10
o
v
g
d
Starting with sketching the coordinate vectors, ˆ
e
t
is parallel to the velocity
pointing to the right and slightly up, and ˆ
e
n
points down and slightly to the
right. Based on our kinematic expression, we can write the acceleration vector
as the following.
a
= ˙
v
ˆ
e
t
+
1000
2
ρ
ˆ
e
n
(2.55)
From the given information, we know that the acceleration vector is composed
of two physical components.
The drag component acts opposite the velocity
vector, in the
−
ˆ
e
t
direction. The gravity component acts straight down with
components in both directions.
a
=
−
1160ˆ
e
t
+ 9
.
81 (cos 10
◦
ˆ
e
n
−
sin 10
◦
ˆ
e
t
)
(2.56)
From these two expressions for the acceleration vector, we extract the scalar
equations.
˙
v
=
−
1160
−
9
.
81 sin10
◦
(2.57)
1000
2
ρ
= 9
.
81 cos10
◦
(2.58)
Solving for the unknowns, ˙
v
=
−
1162 m/s
2
and
ρ
= 103
,
500 m = 103
.
5 km.

32
CHAPTER 3.
PARTICLE KINETICS
3.3
Example Problems
Example 3.1
Consider a fuzzy die hanging on a cord from the rearview mirror of a car. The
car is decelerating at 0
.
2
g
. Find the steady-state angle the cord makes with the
vertical.
θ
i
^
j
^
1. Kinematics - Let’s use the coordinate vectors indicated in the diagram. In the
steady-state condition, the die’s acceleration is the same as the car:
a
= 0
.
2
g
ˆ
i
.
2. FBD - In sketching your own FBD, the only forces acting on the die are
gravity,
mg
, and the tension in the cord,
T
. The resulting force expression is
Σ
F
=
T
sin
θ
ˆ
i
+ (
T
cos
θ
−
mg
)
ˆ
j
.
3. N2L - Substituting into Newton’s second law:
T
sin
θ
ˆ
i
+ (
T
cos
θ
−
mg
)
ˆ
j
= 0
.
2
mg
ˆ
i
(3.5)
Extracting scalar equations of motion:
T
sin
θ
= 0
.
2
mg
(3.6)
T
cos
θ
−
mg
= 0
From these equations, solve for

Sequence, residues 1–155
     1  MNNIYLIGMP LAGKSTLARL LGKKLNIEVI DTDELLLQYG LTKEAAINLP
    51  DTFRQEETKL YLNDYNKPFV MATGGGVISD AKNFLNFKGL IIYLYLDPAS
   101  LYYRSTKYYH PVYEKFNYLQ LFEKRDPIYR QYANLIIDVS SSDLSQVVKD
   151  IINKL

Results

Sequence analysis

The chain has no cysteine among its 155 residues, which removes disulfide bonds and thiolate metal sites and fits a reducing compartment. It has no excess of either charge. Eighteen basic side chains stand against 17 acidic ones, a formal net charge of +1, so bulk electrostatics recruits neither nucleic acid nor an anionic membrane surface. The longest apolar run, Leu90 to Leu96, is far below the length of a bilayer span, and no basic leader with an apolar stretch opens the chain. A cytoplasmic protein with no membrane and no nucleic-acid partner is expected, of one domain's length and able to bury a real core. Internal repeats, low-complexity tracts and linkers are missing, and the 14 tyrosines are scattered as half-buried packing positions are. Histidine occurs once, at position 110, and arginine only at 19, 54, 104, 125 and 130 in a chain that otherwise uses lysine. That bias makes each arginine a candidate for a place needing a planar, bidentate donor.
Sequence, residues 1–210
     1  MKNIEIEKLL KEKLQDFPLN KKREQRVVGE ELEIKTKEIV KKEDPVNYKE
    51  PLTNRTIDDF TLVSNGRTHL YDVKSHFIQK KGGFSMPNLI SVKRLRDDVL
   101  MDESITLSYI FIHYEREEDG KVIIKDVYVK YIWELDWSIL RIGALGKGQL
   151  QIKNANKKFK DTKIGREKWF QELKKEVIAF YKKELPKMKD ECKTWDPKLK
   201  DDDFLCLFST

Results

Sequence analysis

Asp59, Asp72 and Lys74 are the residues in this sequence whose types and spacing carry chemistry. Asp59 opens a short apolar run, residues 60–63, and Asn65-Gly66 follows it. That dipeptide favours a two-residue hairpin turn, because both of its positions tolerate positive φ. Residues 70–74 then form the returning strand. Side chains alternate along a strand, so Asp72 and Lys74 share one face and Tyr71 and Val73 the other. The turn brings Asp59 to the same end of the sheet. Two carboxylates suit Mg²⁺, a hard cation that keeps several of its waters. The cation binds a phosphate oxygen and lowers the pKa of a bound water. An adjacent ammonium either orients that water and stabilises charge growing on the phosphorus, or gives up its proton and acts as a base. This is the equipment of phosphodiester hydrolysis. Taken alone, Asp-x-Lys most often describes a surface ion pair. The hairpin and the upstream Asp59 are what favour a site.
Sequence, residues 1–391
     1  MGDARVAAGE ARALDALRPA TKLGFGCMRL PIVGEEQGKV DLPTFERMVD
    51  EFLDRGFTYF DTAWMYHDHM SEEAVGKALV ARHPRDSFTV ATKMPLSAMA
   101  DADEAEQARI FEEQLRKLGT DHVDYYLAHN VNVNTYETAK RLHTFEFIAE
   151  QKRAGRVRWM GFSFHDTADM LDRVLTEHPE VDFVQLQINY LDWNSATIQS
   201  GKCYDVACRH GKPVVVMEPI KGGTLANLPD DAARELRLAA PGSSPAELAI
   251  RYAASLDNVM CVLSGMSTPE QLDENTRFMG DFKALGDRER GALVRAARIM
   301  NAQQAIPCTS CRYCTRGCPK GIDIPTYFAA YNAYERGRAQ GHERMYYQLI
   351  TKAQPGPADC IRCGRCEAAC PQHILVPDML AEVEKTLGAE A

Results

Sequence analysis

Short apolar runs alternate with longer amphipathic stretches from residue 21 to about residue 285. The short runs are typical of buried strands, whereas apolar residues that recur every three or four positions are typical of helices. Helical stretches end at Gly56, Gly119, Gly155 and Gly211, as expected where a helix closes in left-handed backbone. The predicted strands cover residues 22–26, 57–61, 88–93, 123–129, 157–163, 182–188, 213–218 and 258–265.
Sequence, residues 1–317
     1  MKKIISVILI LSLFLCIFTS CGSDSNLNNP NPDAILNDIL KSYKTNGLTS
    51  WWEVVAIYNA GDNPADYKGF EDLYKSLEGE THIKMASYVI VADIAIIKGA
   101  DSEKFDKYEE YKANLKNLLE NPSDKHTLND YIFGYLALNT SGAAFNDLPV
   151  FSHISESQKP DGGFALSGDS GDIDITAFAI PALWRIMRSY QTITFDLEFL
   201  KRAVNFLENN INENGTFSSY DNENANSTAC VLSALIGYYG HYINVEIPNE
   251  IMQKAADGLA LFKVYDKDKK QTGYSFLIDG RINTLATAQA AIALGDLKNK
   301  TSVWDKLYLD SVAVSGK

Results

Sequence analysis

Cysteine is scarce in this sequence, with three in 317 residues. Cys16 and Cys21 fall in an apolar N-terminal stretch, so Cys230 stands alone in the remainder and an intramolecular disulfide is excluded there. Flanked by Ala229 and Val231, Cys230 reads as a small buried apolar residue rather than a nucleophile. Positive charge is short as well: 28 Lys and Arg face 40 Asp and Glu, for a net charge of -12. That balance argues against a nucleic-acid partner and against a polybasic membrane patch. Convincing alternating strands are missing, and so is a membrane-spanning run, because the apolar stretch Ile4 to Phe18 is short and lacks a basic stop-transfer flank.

θ
.
tan
θ
= 0
.
2
⇒
θ
= 11
.
31
◦
(3.7)

34
CHAPTER 3.
PARTICLE KINETICS
Example 3.3
The rod rotates about
B
in the horizontal plane with a constant angular rate
˙
θ
= 0
.
05 rad/s. Collar
A
has a mass of 0.3 kg and slides along the rod without
friction. At the current instant, the collar is at a radius of
r
= 0
.
15 m and is
sliding along the rod with ˙
r
= 0
.
2 m/s. Find the value of ¨
r
and the force exerted
on the collar by the bar.
0.15 m
θ
= 0.05 rad/s
.
A
B
1. Kinematics - Choosing polar coordinate vectors, ˆerpoints along the rod, andˆeθpoints up and to the left.Using the given information, we can write anexpression for the acceleration vector.
2. FBD - In sketching your own FBD, the rod exerts a force
N
on the collar.
The force is perpendicular to the rod, but we’re not sure if it’s in the positive or
negative ˆ
e
θ
direction. So for now, let’s just guess it’s in the positive ˆ
e
θ
direction.
Σ
F
=
N
ˆ
e
θ
(3.14)
Of course, gravity is also acting on the collar. But since we’re focused on the
motion in the horizontal plane, we can neglect gravity.
3. N2L - Note that the collar has a mass of 0.3 kg.
N
ˆ
e
θ
= 0
.
3
(
¨
r
−
3
.
75
·
10
−
4
)
ˆ
e
r
+ 0
.
02ˆ
e
θ
(3.15)
Extracting scalar equations of motion:
0 = 0
.
3
(
¨
r
−
3
.
75
·
10
−
4
)
(3.16)
N
= 0
.
3
·
0
.
02
From these equations, ¨
r
= 3
.
75
·
10
−
4
m/s
2
and
N
= 0
.
006 N. We had guessed
that
N
acts in the positive ˆ
e
θ
direction. Since we got a positive answer for
N
,
this guess must have been correct.

48
CHAPTER 3.
PARTICLE KINETICS
Example 3.11
Block
A
has a mass of 50 kg, and block

#### You've reached the end of your free preview.

Want to read all 25 pages?

- Spring '08
- josephmansour
- Acceleration, Force, Friction, Angular velocity